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What is tutoring?  How do you find a tutor?  How do I know if they are any good? It can all be a bit of a minefield!

What is tutoring?

Tutoring is a bit different to teaching, although there are crossovers.  Teaching involves working through a set curriculum or scheme with a group of learners in a formal educational setting, whereas tutoring happens on a one-to-one or small group basis, in an informal setting, and is focused on the individual learning needs of the tutees.

Tutoring is not a regulated industry.  This means that anyone can set themselves up as a tutor, and there are no quality checks on tutors.  This lack of regulation has its pros and cons.  An advantage is that people with a wide range of skills and knowledge can help others learn, regardless of their qualifications.  However, it also makes choosing a tutor tricky because there are so many people out there, offering different skills and subjects, at a variety of age ranges with varying levels of qualification, experience and pricing.  How do you know if they are actually as good as they say they are? 

How to choose a tutor:

Think about why you need a tutor and who might be best placed to provide the best quality support.  Here are some examples:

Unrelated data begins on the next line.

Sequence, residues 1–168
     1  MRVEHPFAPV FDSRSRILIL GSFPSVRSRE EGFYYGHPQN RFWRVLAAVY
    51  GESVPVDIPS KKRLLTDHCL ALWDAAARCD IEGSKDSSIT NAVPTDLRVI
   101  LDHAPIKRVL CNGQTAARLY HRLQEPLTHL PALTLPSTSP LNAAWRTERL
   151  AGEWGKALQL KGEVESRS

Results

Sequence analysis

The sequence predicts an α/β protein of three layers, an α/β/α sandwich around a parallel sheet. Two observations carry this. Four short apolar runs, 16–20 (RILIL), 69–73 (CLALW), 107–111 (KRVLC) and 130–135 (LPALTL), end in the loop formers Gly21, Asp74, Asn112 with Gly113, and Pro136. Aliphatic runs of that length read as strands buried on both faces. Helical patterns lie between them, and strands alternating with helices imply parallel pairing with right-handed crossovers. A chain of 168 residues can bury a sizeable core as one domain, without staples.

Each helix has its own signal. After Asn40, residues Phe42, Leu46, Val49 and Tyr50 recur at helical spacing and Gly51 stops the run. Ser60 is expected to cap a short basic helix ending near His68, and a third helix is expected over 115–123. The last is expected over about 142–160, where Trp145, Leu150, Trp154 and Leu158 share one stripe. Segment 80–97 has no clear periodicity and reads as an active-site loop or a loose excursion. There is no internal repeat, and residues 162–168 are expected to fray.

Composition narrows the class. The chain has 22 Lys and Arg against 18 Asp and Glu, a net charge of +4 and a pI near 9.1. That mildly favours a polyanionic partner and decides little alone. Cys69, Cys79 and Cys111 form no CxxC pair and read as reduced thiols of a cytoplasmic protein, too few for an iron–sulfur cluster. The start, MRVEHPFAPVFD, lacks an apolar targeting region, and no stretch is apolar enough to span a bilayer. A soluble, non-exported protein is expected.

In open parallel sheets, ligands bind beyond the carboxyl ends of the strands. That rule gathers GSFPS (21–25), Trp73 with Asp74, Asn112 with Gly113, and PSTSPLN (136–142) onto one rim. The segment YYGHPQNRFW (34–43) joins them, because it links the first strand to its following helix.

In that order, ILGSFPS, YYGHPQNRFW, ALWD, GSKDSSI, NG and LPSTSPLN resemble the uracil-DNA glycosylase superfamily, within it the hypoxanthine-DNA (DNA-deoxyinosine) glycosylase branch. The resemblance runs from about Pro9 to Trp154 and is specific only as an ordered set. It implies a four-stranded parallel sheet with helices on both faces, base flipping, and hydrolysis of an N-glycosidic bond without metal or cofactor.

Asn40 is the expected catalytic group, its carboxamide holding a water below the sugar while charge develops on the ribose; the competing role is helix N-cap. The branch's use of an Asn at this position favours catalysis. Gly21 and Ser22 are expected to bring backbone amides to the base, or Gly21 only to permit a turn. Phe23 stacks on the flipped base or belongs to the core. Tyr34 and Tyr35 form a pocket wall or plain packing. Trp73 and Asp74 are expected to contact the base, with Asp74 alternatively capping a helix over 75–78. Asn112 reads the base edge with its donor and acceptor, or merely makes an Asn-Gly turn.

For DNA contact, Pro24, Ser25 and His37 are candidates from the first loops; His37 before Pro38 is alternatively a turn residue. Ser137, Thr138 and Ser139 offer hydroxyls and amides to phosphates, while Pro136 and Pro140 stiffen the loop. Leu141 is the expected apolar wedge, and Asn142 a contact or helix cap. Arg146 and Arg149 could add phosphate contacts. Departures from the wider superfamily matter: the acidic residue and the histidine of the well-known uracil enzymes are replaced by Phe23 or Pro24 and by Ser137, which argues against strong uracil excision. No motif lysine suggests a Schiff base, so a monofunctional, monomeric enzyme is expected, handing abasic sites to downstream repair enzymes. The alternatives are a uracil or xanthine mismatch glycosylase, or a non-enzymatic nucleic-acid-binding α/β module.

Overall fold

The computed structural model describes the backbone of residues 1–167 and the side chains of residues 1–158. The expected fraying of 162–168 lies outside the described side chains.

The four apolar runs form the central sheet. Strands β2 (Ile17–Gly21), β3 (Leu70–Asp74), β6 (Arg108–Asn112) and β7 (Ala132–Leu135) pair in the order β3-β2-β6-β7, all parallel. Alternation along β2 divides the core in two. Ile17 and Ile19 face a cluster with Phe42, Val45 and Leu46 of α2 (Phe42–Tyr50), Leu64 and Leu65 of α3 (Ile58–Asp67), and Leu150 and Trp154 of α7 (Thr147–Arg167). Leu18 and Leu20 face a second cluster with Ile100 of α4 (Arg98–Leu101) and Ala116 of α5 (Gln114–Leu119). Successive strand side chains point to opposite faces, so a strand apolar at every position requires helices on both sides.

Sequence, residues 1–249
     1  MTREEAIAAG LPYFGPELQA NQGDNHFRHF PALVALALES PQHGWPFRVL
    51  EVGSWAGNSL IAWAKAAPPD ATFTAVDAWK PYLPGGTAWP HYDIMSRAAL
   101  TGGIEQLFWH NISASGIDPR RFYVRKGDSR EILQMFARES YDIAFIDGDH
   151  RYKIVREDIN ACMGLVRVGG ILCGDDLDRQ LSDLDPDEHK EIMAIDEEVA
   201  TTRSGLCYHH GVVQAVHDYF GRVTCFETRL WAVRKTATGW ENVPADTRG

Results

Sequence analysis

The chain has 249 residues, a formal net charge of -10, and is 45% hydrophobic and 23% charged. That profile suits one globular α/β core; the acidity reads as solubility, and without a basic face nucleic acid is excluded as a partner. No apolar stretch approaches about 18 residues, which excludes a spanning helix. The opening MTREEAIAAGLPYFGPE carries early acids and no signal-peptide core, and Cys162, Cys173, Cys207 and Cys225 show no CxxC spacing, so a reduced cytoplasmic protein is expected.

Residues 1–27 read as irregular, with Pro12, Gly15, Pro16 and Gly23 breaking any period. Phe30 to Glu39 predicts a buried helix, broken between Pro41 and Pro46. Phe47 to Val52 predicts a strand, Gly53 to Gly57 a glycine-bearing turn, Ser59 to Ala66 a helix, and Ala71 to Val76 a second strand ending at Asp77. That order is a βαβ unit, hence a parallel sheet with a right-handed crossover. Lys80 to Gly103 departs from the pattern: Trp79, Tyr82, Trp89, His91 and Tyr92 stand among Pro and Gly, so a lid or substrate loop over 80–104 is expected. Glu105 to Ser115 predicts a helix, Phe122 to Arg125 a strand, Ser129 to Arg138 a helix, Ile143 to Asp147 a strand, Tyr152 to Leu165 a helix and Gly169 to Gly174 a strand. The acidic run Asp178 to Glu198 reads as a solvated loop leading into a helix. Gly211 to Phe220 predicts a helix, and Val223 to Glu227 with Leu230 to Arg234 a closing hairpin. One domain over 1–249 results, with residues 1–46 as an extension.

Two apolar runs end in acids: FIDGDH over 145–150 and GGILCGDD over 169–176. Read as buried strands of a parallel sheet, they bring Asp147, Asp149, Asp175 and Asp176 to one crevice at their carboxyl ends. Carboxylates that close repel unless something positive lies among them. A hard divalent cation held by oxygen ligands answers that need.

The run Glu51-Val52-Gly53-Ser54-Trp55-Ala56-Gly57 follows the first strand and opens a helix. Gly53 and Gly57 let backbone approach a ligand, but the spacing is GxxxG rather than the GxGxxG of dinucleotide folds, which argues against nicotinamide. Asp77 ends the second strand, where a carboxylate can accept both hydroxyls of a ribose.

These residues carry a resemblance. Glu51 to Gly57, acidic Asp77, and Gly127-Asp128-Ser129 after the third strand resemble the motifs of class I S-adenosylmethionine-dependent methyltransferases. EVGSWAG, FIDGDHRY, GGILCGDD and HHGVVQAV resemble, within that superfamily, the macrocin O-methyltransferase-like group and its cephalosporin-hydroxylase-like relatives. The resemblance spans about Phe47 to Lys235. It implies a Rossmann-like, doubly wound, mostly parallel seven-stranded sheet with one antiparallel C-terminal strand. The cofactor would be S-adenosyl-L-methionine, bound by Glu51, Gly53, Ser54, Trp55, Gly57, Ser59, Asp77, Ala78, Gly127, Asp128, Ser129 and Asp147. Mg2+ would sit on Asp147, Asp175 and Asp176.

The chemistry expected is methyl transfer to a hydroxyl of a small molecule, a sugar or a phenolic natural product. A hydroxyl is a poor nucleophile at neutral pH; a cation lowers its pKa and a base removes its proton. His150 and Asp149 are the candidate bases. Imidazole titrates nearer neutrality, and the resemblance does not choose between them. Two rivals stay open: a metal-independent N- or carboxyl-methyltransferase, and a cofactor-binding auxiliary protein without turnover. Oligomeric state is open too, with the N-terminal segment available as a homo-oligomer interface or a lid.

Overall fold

Informal learning:

If you want to learn conversational Spanish for an upcoming holiday (well, maybe next year!) then a native Spanish speaker, or someone who is fluent in Spanish, will possibly be able to teach you that better than a qualified languages teacher who specialises in French but knows a bit of Spanish.  Equally, if I want to learn accounting, then a bookkeeper who can explain things simply to a layperson may well be a better tutor than a maths teacher who can do the maths but may not understand the ins and outs of tax and expenses.

Exam prep:

If you want to help your child get through GCSE physics, then a qualified science teacher who knows the syllabus for the exam board your child’s school uses is probably going to be a better tutor than a theoretical physics student from Oxford University.  The teacher will know exactly what the examiners are looking for and how to get those precious marks.  They may well be exam markers themselves, so they have valuable inside knowledge.